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Curriculum and Instruction

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The following is a summary of two articles pertaining to curriculum and instruction issues facing local school districts in Iowa and California.

The first article states that the Iowa legislature intends to approve new statewide curriculum standards (Campbell, 2008). Lawmakers feel this is needed because there is a growing concern that Iowa is falling behind other states. The governor has set a date of 2010 for students to be versed in a “model core curriculum”. The Iowa Association of School Boards and many businesses are in favor of the standards.
At issue is whether to wrestle control away from local districts. Iowa has prided itself in the past on the ability of local districts to set the standards. However, the legislature has said an increased emphasis in math and science is needed, and that the new standards should be aligned with the ACT and the National Assessment of Educational Progress, another highly regarded exam.
Iowa’s move to raise the bar for its schools should be applauded. In effect, the state is mandating the change in order to attain accountability for its businesses, taxpayers and citizens. These increased expectations are not without reward, however. The legislature wants to find common ground on a bill to increase construction funding and teacher pay. There seems to be some consensus, not only in the legislature, but amongst citizens as well. They point to the Minnesota bridge collapse as an awakening. Investment must be made in general infrastructure, especially schools.
However, the important point is that curriculum, in this case, is being decided on state and local levels. Cooperation is needed on many levels, not just government. Citizens are having a say as well. Lobbyists, civic groups and other non-governmental organizations are making their voices heard. Perhaps most importantly, parents are voicing concerns. Curriculum design should involve people from all walks of life, especially in the public school setting. Where there is government intervention involved, there should also be a need for accountability.
The second article states that 98 school districts in California are not meeting the standards set forth by the federal No Child Left Behind Act (McCarthy, 2008). The superintendent of Marysville Joint Unified School District, Gay Todd, has invited Gov. Schwarzenegger to visit and determine what the district is doing wrong. Todd states that there is a considerable ethnic minority population in these failing schools, and that the language barrier is difficult to overcome. "Second-language learners take longer to acquire academic English than conversational English," she said.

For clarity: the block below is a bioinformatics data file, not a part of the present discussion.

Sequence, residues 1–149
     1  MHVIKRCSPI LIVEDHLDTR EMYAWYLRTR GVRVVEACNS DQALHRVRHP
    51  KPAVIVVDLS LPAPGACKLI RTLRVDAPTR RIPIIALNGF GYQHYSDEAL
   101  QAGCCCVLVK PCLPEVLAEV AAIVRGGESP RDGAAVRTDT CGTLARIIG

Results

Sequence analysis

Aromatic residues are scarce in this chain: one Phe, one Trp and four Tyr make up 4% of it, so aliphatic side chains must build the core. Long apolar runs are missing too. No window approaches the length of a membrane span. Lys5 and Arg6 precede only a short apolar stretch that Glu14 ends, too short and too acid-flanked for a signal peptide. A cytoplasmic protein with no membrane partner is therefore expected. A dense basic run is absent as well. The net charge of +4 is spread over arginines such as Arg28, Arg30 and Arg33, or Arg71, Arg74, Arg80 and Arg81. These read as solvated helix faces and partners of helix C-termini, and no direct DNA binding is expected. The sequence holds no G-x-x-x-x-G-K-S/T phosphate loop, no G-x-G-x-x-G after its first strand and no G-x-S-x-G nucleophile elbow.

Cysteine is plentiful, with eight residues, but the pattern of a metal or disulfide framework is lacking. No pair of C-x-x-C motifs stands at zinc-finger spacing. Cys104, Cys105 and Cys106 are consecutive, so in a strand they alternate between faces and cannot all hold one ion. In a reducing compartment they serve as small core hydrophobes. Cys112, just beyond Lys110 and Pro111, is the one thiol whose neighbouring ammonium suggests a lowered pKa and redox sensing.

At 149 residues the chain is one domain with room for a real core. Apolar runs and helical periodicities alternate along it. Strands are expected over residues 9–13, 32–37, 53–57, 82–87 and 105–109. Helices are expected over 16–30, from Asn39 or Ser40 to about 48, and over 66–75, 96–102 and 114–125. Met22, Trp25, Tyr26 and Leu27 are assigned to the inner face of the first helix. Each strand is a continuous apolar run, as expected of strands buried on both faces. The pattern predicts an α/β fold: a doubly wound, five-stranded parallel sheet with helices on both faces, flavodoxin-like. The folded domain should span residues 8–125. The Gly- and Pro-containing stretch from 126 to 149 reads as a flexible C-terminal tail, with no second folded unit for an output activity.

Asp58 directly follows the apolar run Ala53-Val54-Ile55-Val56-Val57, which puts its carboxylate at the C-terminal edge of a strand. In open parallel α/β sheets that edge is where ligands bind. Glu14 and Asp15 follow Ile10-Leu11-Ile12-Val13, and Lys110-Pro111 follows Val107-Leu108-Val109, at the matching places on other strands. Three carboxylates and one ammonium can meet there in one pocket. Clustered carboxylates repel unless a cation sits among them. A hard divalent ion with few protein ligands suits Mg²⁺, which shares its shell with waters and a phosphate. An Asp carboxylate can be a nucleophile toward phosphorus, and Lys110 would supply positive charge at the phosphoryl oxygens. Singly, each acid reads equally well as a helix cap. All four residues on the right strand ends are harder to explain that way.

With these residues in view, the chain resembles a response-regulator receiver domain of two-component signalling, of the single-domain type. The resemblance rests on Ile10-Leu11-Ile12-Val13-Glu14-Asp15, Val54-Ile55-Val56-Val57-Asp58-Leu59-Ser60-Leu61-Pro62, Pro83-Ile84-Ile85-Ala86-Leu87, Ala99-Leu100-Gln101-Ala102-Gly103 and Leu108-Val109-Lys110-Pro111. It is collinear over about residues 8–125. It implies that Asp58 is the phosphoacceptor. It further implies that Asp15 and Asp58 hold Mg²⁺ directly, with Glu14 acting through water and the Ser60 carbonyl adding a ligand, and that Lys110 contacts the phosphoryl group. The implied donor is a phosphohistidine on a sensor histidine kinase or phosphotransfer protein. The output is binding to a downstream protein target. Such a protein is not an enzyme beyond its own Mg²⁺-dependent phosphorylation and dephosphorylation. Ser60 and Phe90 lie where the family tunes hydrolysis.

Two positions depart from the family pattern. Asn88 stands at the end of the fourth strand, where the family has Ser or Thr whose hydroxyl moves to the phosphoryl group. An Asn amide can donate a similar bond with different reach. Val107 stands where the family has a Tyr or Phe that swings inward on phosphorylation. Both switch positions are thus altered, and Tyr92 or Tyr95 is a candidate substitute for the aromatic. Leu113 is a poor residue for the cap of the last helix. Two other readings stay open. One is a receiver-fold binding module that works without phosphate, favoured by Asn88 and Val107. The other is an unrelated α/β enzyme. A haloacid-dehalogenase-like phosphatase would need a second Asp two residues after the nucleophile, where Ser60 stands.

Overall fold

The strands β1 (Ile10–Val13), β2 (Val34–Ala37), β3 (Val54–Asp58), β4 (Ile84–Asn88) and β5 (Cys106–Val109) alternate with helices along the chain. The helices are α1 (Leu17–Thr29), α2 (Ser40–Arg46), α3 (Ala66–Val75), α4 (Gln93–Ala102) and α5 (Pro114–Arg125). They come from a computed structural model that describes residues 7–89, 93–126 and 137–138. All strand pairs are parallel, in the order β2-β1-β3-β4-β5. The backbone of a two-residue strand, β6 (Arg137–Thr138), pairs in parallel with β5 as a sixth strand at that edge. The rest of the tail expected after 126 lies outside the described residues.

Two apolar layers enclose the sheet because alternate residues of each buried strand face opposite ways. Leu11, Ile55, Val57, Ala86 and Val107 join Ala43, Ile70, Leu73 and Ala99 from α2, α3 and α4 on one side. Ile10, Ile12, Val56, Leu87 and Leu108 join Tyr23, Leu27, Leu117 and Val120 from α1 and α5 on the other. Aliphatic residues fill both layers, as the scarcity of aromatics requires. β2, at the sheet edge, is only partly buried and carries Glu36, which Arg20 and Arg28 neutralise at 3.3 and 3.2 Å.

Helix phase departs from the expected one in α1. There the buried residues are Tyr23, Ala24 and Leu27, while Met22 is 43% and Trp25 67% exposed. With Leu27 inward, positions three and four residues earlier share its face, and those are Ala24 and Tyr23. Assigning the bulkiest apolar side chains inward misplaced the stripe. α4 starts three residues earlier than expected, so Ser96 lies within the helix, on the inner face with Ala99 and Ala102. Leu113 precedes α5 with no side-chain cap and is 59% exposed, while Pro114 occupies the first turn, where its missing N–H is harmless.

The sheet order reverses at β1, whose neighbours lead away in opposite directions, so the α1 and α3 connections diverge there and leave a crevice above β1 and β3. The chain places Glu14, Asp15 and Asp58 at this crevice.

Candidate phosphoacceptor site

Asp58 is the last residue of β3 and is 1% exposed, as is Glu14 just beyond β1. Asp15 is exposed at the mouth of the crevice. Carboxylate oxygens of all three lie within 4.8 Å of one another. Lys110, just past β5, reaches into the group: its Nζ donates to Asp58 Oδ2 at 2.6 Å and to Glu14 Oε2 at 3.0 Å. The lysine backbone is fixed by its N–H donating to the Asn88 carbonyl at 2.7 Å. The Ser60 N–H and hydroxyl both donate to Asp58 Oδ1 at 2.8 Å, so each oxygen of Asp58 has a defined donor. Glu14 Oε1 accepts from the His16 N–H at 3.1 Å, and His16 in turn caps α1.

This seems to be a common predicament around the country, not just in California. On one side of the coin, there is a segment of the population that agrees there needs to be accountability in the system. However, many feel that the Act puts minorities at a disadvantage due to economic and language barriers. There needs to be intervention within this district. However, if a school fails to meet the standards, and therefore funding is eliminated, what is the alternative? Who benefits?
This episode also brings to light the need for ESL teachers. California, let alone our nation, has received an influx of immigrants in the last ten years. If we are to prioritize solving this dilemma, we have to find a way to get the language training that the minority students need without punishing the schools by sacrificing their monetary needs.

References

Campbell, L. (2008). Statewide standards for schools expected. Des Moines Register.
Retrieved January 11, 2008, from http://www.desmoinesregister.com/apps/pbcs.dll/article?AID=/20080111/NEWS09/801110388/1001/NEWS

McCarthy, R. (2008). Marysville students left behind?. Appeal-Democrat. Retrieved January 10, 2008, from http://www.individual.com/story.php?story=76037719

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